Dear Valued Visitor,

We have noticed that you are using an ad blocker software.

Although advertisements on the web pages may degrade your experience, our business certainly depends on them and we can only keep providing you high-quality research based articles as long as we can display ads on our pages.

To view this article, you can disable your ad blocker and refresh this page or simply login.

We only allow registered users to use ad blockers. You can sign up for free by clicking here or you can login if you are already a member.

Is SeaWorld Entertainment Inc (SEAS) A Good Stock To Buy?

Page 1 of 2

A market correction in the third quarter, spurred by a number of global macroeconomic concerns ended up having a negative impact on the markets and many hedge funds as a result. The stocks of smaller companies were especially hard hit during this time as investors fled to investments seen as being safer. This is evident in the fact that the Russell 2000 ETF underperformed the S&P 500 ETF by 14 percentage points between June 25 and the end of October. We also received indications that hedge funds were trimming their positions amid the market volatility and uncertainty, and given their greater inclination towards smaller cap stocks than other investors, it follows that a stronger sell-off occurred in those stocks. Let’s study the hedge fund sentiment to see how those concerns affected their ownership of SeaWorld Entertainment Inc (NYSE:SEAS) during the quarter.

Is SeaWorld Entertainment Inc (NYSE:SEAS) worth your attention right now? Investors who are in the know are selling. The number of bullish hedge fund bets were cut by 3 in recent months. SEAS was in 30 hedge funds’ portfolios at the end of September. There were 33 hedge funds in our database with SEAS positions at the end of the previous quarter. The level and the change in hedge fund popularity aren’t the only variables you need to analyze to decipher hedge funds’ perspectives. A stock may witness a boost in popularity, but it may still be less popular than similarly priced stocks. That’s why at the end of this article we will examine companies such as MSG Networks Inc (NYSE:MSGN), TESARO Inc (NASDAQ:TSRO), and Globalstar, Inc. (NYSEMKT:GSAT) to gather more data points.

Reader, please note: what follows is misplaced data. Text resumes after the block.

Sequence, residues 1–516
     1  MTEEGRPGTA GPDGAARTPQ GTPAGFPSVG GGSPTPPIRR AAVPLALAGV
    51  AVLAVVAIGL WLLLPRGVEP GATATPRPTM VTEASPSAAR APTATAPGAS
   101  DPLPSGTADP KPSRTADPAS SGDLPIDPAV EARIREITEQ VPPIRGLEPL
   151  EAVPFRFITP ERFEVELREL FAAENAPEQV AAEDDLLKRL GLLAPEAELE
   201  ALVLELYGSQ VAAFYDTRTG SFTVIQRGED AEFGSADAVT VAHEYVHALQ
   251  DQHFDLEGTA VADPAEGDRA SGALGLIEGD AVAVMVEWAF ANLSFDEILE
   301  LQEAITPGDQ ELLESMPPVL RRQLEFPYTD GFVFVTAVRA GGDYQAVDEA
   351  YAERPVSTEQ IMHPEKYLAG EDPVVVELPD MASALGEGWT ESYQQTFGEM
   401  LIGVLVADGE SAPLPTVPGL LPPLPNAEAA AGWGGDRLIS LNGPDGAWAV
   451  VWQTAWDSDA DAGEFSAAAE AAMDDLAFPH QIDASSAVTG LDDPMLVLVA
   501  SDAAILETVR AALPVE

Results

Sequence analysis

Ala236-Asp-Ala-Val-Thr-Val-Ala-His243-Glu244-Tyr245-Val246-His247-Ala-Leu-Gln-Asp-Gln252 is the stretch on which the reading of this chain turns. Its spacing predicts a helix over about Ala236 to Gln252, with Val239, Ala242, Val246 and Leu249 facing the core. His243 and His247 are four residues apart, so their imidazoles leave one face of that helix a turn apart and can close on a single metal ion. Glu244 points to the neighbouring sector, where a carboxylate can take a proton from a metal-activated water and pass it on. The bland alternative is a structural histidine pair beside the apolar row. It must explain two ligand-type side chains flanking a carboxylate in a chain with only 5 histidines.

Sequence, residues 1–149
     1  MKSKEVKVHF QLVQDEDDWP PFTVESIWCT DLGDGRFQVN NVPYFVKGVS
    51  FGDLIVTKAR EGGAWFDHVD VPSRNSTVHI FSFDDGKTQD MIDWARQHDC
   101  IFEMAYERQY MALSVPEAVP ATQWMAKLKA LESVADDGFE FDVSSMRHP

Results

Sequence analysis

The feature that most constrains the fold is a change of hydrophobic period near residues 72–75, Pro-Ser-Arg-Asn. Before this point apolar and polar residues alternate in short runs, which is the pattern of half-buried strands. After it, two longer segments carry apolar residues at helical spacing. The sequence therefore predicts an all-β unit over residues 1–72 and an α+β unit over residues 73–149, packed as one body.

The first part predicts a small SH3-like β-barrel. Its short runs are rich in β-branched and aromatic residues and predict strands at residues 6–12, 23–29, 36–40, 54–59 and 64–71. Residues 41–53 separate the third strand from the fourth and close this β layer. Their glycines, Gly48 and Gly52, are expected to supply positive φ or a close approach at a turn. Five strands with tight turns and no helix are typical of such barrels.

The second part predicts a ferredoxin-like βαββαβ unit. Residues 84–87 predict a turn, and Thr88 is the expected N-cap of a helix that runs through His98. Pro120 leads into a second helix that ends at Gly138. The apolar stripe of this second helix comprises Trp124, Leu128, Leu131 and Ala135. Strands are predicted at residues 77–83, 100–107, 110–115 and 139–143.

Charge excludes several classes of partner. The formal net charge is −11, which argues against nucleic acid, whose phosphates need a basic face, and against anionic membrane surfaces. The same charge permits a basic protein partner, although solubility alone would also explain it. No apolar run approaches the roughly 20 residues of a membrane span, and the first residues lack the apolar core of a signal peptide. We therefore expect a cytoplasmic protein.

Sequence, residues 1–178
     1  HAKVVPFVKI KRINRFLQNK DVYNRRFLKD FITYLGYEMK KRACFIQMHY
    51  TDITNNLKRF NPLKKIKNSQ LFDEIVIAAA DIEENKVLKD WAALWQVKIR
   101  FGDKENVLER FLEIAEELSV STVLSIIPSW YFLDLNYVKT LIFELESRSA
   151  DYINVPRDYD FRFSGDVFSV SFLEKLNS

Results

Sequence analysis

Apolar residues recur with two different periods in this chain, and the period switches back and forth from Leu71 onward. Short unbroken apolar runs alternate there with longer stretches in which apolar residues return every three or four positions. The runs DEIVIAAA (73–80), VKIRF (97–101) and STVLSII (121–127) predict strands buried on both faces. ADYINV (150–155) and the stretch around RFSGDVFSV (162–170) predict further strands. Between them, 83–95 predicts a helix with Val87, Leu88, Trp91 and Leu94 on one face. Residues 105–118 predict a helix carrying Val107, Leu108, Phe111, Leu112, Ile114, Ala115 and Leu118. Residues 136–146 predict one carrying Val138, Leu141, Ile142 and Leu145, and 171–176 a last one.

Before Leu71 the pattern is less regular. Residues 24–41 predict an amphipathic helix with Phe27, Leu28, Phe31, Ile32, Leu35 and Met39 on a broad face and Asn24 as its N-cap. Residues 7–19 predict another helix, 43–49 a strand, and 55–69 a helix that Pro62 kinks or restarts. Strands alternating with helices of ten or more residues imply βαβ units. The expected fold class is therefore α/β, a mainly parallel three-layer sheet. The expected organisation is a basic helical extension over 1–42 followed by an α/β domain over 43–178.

Follow Seaworld Entertainment Inc. (NYSE:SEAS)
Trade (NYSE:SEAS) Now!

According to most investors, hedge funds are perceived as worthless, outdated financial tools of years past. While there are greater than 8000 funds trading today, We choose to focus on the leaders of this club, around 700 funds. These hedge fund managers handle most of the hedge fund industry’s total capital, and by observing their inimitable picks, Insider Monkey has unsheathed many investment strategies that have historically exceeded the broader indices. Insider Monkey’s small-cap hedge fund strategy defeated the S&P 500 index by 12 percentage points a year for a decade in their back tests.

Keeping this in mind, we’re going to review the new action regarding SeaWorld Entertainment Inc (NYSE:SEAS).

What does the smart money think about SeaWorld Entertainment Inc (NYSE:SEAS)?

At the end of the third quarter, a total of 30 of the hedge funds tracked by Insider Monkey were long this stock, a drop of 9% from the second quarter. With the smart money’s positions undergoing their usual ebb and flow, there exists a few notable hedge fund managers who were increasing their holdings significantly (or already accumulated large positions).

When looking at the institutional investors followed by Insider Monkey, Thomas E. Claugus’s GMT Capital has the biggest position in SeaWorld Entertainment Inc (NYSE:SEAS), worth close to $60.6 million, accounting for 1.5% of its total 13F portfolio. The second largest stake is held by Sheffield Asset Management, managed by Craig C. Albert, which holds a $35.4 million position; 5.2% of its 13F portfolio is allocated to the stock. Remaining hedge funds and institutional investors with similar optimism encompass James Dondero’s Highland Capital Management, Stephen V. Raneri’s LionEye Capital Management and Julian Robertson’s Tiger Management.

Page 1 of 2
Loading Comments...